Equity & Access Newsletter

Elementarty Edition-November 2017

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Famous Native Americans

November is Native American Heritage Month or commonly referred to as Native American and Alaska Native Heritage Month. It is a time to celebrate the richly diverse cultures, traditions, and histories of Native Americans. Native American Heritage Month is a celebration that is relevant to the history of America every day of the year.

Students of the majority need exposure to the accomplishments, contributions, and value of others. Sacagawea was the only woman on the expedition with Lewis and Clark. She served as interpreter, diplomat, peace symbol and had a child. Maria Tallchief was America’s first and the first Native American to hold the rank of a major prima ballerina. John Bennett Herrington became the first enrolled member of a Native American tribe to fly in space. Their accomplishments enhance the tapestry of America and encompass the true meaning of the Pledge of Allegiance, “one nation under God, indivisible, with liberty and justice for all.” It’s always good to remind students, "it’s not just their history, it’s OUR history!”

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By: James Bruchac (Adapter), Joseph Bruchac Ph.D. (Adapter), Stefano Vitale (Illustrator)

Read by Gwen Marshall



Empathy and Student relationships

What is empathy and should I teach it in my classroom? One definition of empathy is listening, building relationships, and caring for others. Colesante defines empathy as “the intrapersonal realization of another’s plight that illuminates the potential consequences of one's actions on the lives of others" (as cited in Hollingsworth, 2003, p. 146) making it possible for us to learn how to act and react responsibly, or even compassionately, towards others.

Different parts of the brain control empathetic mechanisms like:

  • Modeling - Simulating an observed experience to understand, and to feel the experience.
  • Projection- Moving out of your point of view to another's.
  • Adjustment - Balancing between self and others (Lewis, 2007.)

As an Educator incorporating empathy into your daily instructional activities could bring positive results in your classroom, and the community as well. Here’s why by Laura Owens:

  • Empathy builds positive classroom culture: Our classrooms are becoming more diverse each year which makes it necessary for educators to construct a positive cultural classroom. Empathy is the beginning of that cultural setting. Through empathy, students learn to understand each other which helps to build positive relationships of trust.
  • Empathy strengthens a community: In our globalized world, people are coming from different cultures with different backgrounds. The definition of empathy involves understanding another’s feeling without having the experience. As our students learn empathy skills, they will transfer these skills into their lives and communities. These skills have the potential to build trust which builds stronger communities.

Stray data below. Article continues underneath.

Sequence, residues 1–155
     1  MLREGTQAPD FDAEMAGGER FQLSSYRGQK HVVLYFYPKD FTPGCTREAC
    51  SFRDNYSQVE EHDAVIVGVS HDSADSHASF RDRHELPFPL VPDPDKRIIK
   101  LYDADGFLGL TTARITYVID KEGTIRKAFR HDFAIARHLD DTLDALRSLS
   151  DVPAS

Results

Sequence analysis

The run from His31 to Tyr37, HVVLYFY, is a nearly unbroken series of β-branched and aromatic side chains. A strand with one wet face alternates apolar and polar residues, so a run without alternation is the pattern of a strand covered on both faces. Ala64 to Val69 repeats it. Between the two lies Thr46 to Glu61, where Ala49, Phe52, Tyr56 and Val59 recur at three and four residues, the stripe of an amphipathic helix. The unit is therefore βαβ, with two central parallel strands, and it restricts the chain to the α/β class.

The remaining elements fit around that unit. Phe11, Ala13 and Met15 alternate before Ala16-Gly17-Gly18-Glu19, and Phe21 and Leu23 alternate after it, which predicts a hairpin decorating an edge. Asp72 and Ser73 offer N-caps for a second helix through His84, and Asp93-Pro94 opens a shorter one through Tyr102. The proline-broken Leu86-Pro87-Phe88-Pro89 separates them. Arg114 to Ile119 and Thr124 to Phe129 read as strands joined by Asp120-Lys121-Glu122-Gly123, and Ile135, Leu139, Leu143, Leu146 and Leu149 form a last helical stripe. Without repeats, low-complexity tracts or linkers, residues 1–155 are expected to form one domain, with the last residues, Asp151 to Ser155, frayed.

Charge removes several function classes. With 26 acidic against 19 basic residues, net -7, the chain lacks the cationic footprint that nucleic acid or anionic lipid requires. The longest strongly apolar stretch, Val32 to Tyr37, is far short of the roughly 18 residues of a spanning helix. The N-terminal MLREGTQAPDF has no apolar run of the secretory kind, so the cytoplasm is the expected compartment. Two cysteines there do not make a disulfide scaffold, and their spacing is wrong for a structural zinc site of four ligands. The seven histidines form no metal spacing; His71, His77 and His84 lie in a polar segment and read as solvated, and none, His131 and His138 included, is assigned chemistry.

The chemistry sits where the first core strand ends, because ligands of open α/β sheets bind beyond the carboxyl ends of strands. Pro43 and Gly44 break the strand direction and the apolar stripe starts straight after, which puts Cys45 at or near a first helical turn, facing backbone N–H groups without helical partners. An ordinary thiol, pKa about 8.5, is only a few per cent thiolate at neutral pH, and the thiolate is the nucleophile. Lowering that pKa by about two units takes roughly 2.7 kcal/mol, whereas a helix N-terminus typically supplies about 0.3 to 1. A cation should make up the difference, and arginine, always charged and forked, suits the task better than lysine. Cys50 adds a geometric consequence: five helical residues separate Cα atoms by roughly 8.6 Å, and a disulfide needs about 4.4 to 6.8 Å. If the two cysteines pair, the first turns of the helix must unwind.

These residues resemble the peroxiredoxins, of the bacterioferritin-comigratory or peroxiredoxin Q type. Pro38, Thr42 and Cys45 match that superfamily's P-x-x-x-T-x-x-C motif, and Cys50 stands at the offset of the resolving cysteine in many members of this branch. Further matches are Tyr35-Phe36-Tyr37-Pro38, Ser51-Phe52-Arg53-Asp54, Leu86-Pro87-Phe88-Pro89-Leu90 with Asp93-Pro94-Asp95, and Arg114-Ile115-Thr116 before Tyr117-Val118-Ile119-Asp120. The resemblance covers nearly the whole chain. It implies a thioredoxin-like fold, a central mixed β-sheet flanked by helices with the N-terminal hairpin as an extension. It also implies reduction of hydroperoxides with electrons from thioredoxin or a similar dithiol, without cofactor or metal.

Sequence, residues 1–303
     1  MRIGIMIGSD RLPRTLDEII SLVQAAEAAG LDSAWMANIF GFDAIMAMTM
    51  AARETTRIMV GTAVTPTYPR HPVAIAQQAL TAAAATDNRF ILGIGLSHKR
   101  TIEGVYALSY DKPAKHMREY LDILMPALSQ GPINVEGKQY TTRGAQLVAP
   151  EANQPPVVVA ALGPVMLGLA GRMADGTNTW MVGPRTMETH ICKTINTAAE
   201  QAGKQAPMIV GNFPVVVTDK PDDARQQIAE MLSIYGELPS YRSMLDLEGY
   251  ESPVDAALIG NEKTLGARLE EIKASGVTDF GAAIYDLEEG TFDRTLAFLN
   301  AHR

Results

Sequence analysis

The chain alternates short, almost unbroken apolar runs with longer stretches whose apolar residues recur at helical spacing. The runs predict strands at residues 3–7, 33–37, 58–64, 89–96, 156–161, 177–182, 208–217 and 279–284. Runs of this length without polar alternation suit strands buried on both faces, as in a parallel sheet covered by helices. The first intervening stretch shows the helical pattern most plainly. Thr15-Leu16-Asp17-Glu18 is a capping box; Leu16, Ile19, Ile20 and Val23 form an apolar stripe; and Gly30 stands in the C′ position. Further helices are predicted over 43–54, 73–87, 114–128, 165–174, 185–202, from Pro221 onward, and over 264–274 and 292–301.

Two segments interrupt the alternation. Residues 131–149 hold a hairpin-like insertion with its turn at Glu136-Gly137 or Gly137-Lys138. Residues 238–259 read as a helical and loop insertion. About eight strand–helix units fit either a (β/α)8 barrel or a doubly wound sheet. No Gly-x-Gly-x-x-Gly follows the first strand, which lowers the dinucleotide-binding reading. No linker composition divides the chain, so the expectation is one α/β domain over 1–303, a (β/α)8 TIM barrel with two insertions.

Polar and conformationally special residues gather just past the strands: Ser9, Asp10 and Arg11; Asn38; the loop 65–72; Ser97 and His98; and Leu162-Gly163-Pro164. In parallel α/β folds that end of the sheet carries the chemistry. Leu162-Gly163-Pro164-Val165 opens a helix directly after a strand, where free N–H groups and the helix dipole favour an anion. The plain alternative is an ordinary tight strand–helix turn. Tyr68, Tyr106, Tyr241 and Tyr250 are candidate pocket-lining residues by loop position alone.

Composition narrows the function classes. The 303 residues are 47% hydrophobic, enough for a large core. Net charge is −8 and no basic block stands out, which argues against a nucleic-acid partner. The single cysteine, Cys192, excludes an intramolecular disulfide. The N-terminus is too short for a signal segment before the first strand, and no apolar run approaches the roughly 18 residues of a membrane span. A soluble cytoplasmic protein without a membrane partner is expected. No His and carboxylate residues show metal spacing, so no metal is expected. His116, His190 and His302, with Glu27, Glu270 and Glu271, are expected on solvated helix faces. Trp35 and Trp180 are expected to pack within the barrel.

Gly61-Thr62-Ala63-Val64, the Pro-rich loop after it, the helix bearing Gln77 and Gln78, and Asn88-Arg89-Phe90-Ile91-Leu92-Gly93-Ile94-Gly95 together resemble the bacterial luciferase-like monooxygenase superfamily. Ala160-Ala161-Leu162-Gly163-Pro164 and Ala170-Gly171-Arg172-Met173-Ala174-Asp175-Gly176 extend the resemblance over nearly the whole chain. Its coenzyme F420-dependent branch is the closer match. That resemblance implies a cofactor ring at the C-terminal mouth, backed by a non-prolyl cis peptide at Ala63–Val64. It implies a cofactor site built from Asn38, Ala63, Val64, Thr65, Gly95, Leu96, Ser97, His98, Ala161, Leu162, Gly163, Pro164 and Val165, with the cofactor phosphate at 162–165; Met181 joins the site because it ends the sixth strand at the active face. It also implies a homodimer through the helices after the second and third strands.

• Empathy prepares your students to be leaders in their community: Leaders must be able to show they care. Our students must learn how to empathize with those they lead and how to make people feel valued. As they learn to validate others, it will strengthen relationships. Educators are in a position to equip students to be future leaders of communities and the world.
  • Educators have the opportunity to model empathy by demonstrating active listening skills, scheduling class time for relationship building activities and involving the class in projects that exemplify caring.

Grades: K-5

Teaching Empathy Through Literature


Owen, Lauren. “Empathy in the Classroom: Why Should I Care?” Edutopia, 11 Nov. 2015, www.edutopia.org/blog/empathy-classroom-why-should-i-care-lauren-owen.

Did You Know?

That every child needs a Champion! In The Growth Mindset, Carol Dweck suggests that teachers who offer appropriate, targeted praise can begin to introduce a student to the concept of a positive growth mindset. The benefits of the growth mindset and building strong teacher-student relationships are many, it builds self-confidence in the student, impacts academic achievement and can improve students' relationships with each other. Every student needs to know that there is an adult that will not give up on them. Every student deserves a teacher that believes in equity and access for all students regardless of their ethnicity or background.

Dweck, Carol S. Mindset: The New Psychology Of Success. New York: Ballantine Books, 2008. Print.

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Coming Events

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Community Resource

The Fairbanks Bike Shop is open Wednesday 6:00-8:00& Saturday 12:00-2:00

  • $15 youth bikes
  • $25 adult bikes
  • ·1 FREE bike for 3 hours of volunteerism at The Fairbanks
  • If someone brings in a bike to trade, they may be eligible for a free bike
  • The bike shop offers free repairs on bikes during their open bike shop hours


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You may remember in several newsletters we've mentioned the Equity Champions. Champions have been chosen and participated in their first training session by the time you receive this. There's an Equity Champion at each school building. One of their roles will be to contribute an article to share in the monthly newsletter. In the coming months, we will share more about their roles and expectations. Do you know who your building "Champion is?"